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Re: common lisp vs elisp.

From: Emanuel Berg
Subject: Re: common lisp vs elisp.
Date: Tue, 06 Jul 2021 18:08:58 +0200
User-agent: Gnus/5.13 (Gnus v5.13) Emacs/28.0.50 (gnu/linux)

Alexandre Garreau wrote:

>>>> I want to make a 2D game tho, that's why I tried to get
>>>> SLIME and SBCL going, maybe one could do SDL2 with that
>>>> and have some sprites bounce off the ceiling...
>>> I don't agree to discussions of proprietary software on
>>> GNU mailing lists unless there is intention or project to
>>> make free software out of it.
>> What's proprietary, GOOL? Yes, Game Oriented Object Lisp
>> (GOOL) is proprietary [1]
> So maybe it should be avoided on emacs ML?

I think it should rather be interpreted like this, say some
guy comes and asks, "Hey guys, how does this mail look?
Not good, huh? Any hints what mail client to use these days?
Also my son show great interest in and - I hope - aptitude for
technology, but, as a mere amateur myself, I don't know what
advice to give him to help him take 'the next step'?"

Then you SHOULD NOT reply - "Try Outlook Express, I've used it
for ages, never had any problem. Your son, why don't you buy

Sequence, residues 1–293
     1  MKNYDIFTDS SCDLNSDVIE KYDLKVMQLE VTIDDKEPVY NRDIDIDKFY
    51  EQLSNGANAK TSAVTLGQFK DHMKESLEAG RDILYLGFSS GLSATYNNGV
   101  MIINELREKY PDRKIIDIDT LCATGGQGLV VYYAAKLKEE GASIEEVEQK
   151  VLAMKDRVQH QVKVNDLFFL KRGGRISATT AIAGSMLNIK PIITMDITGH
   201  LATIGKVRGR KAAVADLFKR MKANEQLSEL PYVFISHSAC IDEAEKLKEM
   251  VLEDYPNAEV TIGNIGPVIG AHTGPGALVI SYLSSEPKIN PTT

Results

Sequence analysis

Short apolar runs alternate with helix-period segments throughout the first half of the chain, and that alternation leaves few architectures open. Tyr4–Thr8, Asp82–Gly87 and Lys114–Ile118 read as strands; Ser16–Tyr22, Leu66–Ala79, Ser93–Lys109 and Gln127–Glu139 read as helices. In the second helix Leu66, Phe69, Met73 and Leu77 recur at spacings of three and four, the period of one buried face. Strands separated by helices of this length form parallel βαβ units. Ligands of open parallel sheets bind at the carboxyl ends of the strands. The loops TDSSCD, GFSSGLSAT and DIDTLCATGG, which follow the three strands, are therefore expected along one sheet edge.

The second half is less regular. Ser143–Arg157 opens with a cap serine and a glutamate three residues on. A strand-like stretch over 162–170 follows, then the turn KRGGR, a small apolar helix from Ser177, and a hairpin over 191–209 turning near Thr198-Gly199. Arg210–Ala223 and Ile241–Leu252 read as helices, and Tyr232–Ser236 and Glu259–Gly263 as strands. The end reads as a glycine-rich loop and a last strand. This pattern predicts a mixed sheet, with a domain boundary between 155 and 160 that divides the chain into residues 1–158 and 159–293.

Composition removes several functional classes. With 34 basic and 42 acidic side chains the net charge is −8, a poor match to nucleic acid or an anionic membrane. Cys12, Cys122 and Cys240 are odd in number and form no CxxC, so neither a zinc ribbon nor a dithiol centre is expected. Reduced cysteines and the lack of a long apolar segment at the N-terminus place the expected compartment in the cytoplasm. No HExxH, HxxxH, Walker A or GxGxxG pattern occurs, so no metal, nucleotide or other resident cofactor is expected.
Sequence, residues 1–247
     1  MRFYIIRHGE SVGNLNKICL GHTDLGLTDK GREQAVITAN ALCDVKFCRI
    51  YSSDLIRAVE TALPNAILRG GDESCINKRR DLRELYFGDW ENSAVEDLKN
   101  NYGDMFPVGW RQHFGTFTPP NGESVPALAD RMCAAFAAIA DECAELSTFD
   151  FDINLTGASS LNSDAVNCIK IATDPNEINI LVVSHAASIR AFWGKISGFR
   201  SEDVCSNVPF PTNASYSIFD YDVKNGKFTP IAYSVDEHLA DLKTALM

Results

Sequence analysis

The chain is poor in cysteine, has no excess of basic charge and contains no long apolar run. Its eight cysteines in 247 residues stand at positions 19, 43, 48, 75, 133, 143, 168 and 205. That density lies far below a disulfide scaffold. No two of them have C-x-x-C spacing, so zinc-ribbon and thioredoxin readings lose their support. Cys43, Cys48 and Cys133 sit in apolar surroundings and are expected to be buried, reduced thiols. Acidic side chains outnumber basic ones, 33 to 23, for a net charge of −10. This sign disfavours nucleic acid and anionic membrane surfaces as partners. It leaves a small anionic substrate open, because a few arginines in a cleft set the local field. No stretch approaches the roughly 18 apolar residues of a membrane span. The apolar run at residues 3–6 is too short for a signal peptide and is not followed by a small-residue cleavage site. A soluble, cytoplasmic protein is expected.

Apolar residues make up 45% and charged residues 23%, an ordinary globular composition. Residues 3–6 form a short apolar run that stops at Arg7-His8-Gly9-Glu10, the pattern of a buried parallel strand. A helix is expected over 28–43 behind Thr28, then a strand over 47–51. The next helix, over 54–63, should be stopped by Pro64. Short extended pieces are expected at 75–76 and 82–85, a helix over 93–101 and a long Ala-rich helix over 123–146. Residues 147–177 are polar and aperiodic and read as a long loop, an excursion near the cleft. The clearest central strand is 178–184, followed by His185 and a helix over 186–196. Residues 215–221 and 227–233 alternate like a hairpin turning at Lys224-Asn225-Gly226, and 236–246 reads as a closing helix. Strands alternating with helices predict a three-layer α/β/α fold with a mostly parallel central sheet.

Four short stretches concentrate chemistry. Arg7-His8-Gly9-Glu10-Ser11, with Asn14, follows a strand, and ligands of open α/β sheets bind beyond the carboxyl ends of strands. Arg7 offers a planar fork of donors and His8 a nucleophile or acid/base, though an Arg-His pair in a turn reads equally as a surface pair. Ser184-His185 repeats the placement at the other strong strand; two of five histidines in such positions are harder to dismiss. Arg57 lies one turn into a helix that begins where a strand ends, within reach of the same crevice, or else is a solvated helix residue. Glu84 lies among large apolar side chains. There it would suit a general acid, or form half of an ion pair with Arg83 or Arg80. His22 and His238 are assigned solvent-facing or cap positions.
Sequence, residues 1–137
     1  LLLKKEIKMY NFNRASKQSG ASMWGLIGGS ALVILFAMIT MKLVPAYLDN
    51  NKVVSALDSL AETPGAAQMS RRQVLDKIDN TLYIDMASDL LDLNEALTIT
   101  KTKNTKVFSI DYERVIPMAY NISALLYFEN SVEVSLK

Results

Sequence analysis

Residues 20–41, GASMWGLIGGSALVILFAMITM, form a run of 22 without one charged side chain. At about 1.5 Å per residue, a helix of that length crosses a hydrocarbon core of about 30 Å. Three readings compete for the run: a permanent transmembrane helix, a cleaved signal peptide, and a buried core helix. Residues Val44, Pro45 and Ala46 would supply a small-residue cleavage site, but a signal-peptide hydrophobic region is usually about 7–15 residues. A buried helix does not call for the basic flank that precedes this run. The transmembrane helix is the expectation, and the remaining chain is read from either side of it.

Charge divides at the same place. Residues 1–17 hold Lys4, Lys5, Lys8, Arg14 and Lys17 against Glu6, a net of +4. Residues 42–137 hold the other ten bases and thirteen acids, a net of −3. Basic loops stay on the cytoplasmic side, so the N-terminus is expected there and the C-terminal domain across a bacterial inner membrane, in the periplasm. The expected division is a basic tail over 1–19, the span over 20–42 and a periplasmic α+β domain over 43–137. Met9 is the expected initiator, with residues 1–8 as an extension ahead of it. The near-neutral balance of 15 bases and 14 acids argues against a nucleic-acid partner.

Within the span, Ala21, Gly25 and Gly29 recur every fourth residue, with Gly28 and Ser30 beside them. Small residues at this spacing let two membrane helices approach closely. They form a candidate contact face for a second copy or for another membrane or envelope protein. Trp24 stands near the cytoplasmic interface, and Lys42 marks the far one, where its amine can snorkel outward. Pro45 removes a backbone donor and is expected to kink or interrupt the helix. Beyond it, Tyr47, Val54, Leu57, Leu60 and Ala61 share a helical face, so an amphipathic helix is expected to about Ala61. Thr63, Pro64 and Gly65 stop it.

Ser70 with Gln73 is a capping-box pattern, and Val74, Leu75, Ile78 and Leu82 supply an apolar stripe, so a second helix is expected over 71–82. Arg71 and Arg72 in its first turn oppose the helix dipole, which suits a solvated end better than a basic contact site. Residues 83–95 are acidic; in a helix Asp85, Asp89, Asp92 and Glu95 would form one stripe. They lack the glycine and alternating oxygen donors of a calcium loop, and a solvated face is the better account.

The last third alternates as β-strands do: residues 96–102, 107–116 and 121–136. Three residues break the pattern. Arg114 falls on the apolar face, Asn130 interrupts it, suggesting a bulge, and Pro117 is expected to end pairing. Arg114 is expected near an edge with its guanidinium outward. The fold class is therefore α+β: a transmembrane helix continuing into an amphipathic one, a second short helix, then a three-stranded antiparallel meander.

a Nintendo for Xmas? Always great fun for the entire family"

Other than that, one is allowed to discuss technology!
The world is not perfect and it will never be. There will
always be proprietary and FOSS software - and maybe free
hardware to a much larger extent than now, we hope - and never
mentioning it won't make it (the proprietary stuff) go away,

> Or maybe the fact it’s no longer used, not publicly
> downloadable and usable and buyable, etc. and its
> advertisement wouldn’t lead to its use, makes it okay?
> at least for historical reasons/discussion?

It is OK, no one is suggesting anyone _use_ it.

>> What does it mean that the dialect is made for writing games?
>> You have to have that in _the actual language_ ? :O
> What do you mean?

Take Common Lisp. It isn't a Lisp dialect specifically
designed for writing games. Yet you can, for example with SDL
and/or OpenGL. Libraries are enough, you don't have (and
aren't benefited from) designing a new dialect just for that.
I know it worked for them but I still don't like it.

Let's see, the CL for loop is pretty practical - how can we
adjust that to take game development into the equation, or
*iteration*, if you will?


(I don't know if it happened like that - probably not.
Maybe they had good reasons, perhaps associated with hardware
specific optimizations? I still don't like the idea.)

>> Hm, also, what does it mean exactly when a *language* is
>> proprietary? Offer support, write a book? Not anyone can
>> write a compiler and/or other tools legally? Or not anyone
>> can take parts of the language to another language s/he is
>> working on? (Heh, were a lot of programming languages
>> developed by women, I wonder...)
> It means it has no free-software implementations.

Yes, but what does that mean in practice, what is it that you
cannot (legally) do with it?

underground experts united

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